In today’s B2B marketing environment, it’s difficult not to be aware of account-based marketing (ABM). Many tout the advantages of Marketing’s implementation of an account-based strategy. And, of course, there are clear advantages to such an approach, but why has this idea taken hold now and what place does it have in a successful marketing mix?
In sales ecosystem, the concept of ABM – identifying and pursuing a specific list of ideal companies – is not a new one. Named account development has been around nearly as long as selling itself. For Marketing, however, the ability to “scale” ABM has occurred more recently. As Shashi Upadhyay, CEO of Lattice Engines, puts it, “Predictive analytics and big data collection solved the issue of scaling ABM“.
The Great ABM Gold Rush
As a direct result of these new data capabilities, we’ve all witnessed what I call the “Great ABM Gold Rush of 2015-2016.” We’ve seen countless solutions vying for their place in the marketing technology stack, from those that better monetize inbound traffic, to those purporting to predict the intent of prospects and buyers, to those who would automate lead scoring and nurture, and so on.
The Great ABM Gold Rush has generated broad MarTech budgeting and adoption by B2B brands. In fact, a recent SiriusDecisions study reported that 92% of B2B companies called ABM “extremely important” to their marketing efforts, with 60% planning to invest in ABM in the next year.
One Too Many Trips to the Gold Mine
Yet, for most clients, the promise of ABM is limited by that which makes it desirable in the first place – the finite universe of targeted accounts. Marketing departments have acquired great tools for better converting prospects and prolonging customer lifecycles, but, in most cases, they still need external sources for lead generation of any scale.
It seems natural for client marketers to expect B2B agencies to support their investment in an ABM tech stack. As an agency that fulfills both ABM and traditional campaigns, we have observed the following concerning ABM:
- Higher campaign execution costs than for non-ABM programs.
- Longer-term outcomes not sustainable due to the limitation of overall prospect counts and available/budgeted client content.
- When multiple agencies aggressively prospect the same target accounts, negative client outcomes can be a result.
Allow me to explain. ABM programs involve a variety of added steps to successfully execute. Chief among those steps is the creation of a target group built from named accounts. The resulting target group will likely have demographic filters applied as well, such as title, geography, and so on. ABM programs typically require the creation of customized content and tend to make more extensive use of personalization as well. All of these items increase campaign execution costs.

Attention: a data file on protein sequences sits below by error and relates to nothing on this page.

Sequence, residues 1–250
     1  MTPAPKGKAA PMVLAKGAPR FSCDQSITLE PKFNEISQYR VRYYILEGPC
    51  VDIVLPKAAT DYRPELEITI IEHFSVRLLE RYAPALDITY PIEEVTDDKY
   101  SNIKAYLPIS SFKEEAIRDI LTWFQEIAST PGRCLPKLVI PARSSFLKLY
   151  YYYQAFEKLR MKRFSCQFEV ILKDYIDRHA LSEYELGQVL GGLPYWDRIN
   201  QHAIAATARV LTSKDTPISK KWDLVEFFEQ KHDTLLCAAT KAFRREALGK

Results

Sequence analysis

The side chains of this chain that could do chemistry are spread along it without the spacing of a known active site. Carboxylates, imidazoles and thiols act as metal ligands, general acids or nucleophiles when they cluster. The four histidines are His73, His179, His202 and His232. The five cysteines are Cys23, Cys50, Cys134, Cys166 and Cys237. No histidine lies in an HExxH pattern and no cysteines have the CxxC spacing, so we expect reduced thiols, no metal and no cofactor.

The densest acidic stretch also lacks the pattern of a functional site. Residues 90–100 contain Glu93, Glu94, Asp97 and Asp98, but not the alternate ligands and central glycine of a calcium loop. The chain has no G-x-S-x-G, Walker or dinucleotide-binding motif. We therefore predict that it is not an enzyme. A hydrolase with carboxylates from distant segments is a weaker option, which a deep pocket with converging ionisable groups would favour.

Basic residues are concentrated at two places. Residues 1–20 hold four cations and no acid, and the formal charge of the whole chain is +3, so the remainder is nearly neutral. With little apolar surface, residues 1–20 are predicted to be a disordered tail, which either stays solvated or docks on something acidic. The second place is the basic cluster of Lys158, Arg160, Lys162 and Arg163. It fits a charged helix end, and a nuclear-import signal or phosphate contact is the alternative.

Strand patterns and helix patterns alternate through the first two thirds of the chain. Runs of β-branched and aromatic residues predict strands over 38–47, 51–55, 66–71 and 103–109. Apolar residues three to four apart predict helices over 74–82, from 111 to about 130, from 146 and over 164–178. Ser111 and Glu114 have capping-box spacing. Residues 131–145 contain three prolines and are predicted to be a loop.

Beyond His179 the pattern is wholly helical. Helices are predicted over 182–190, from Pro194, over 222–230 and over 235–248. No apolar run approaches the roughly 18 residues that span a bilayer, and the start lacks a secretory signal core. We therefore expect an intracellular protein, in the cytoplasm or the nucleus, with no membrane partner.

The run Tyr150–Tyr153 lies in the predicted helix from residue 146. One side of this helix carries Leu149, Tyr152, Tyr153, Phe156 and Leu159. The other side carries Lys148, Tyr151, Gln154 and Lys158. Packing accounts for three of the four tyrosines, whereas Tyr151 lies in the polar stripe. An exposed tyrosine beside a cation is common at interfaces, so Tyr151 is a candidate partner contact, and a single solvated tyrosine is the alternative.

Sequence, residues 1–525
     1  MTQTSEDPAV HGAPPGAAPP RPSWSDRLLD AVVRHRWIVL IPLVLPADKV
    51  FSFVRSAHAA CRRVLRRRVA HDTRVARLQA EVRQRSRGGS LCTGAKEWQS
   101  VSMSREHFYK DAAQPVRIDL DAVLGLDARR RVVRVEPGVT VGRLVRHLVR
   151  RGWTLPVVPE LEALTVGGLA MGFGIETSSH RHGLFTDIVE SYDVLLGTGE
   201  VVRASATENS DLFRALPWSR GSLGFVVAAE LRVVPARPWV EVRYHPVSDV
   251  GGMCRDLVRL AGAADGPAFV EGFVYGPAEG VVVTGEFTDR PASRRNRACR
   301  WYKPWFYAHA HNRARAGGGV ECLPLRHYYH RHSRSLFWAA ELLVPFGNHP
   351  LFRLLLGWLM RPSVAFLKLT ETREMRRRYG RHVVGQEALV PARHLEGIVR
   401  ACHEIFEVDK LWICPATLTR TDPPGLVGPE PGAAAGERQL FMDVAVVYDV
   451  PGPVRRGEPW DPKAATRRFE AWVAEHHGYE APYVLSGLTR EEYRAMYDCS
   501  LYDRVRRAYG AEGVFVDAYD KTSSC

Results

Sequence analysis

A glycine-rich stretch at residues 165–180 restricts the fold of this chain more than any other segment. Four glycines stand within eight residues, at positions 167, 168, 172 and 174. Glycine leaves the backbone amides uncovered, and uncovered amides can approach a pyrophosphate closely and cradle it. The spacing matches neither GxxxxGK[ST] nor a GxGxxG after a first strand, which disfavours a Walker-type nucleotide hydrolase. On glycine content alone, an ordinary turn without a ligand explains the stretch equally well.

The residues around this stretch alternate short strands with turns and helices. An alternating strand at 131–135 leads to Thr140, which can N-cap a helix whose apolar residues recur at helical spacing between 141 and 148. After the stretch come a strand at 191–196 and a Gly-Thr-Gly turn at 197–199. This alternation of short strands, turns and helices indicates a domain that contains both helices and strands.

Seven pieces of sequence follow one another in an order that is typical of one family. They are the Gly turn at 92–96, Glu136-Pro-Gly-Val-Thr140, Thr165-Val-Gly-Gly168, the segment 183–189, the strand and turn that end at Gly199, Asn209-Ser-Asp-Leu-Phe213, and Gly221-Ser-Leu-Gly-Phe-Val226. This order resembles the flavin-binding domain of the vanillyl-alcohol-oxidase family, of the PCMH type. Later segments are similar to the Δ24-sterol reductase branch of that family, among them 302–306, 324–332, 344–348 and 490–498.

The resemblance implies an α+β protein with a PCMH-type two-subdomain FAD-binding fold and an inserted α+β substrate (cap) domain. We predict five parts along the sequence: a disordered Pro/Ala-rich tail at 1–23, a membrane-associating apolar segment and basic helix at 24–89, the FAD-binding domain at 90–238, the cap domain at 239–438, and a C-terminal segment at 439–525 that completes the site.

Achieving sustainable lead gen outcomes for a client is a special challenge when pulling from such a limited contact pool. This challenge is often exacerbated by the client’s unwillingness to budget, create, or acquire requisite content that could drive longer conversations.
A client willing to invest in lead gen budget but unwilling to invest in the accompanying content creation is a worst-case scenario for an agency. In fact, a client with too much lead gen budget can be much worse than one with no budget at all. When a client uses multiple agencies to aggressively prospect the same named accounts, negative outcomes can result for both the agency and the client. On the one hand, the participating agencies can damage their own professional standing. On the other, the client can experience damage to its brand equity.
Variety is the Only Way to (Reliably) Strike Gold
ABM’s goals are laudable, from evolving the B2B buyer’s journey, to measuring Marketing’s impact on revenue, to aligning those efforts with Sales. ABM has the potential for an unprecedented level of prospect intimacy and an unprecedented degree of targeted buyer education. ABM goes beyond typical marketing strategy in that it seeks to control not just the entire purchase process, but the buyer identity as well.
As is the case with any single tactic, it should be just part of a client’s marketing mix. While properly executed named account campaigns can be a boon to both Marketing and Sales, it’s important that both departments remember their original remit(s) – cultivating interest, establishing value, and ultimately closing business.
For both named accounts and non-named accounts, Marketing fills a crucial role in raising brand awareness, building interest, and generating leads. Agencies, like HiP, play an important role in complementing these efforts. Driving sustainable lead volume must be the first priority. Only then can Sales to best do its job – closing business. A mix of named and non-named accounts is the only way to ensure that Sales has the best mix of potential conversions and quality opportunities.
Let us know what you think?
- Do you think ABM is sustainable?
- Have you tried ABM?
- Do you plan to include ABM in your future efforts?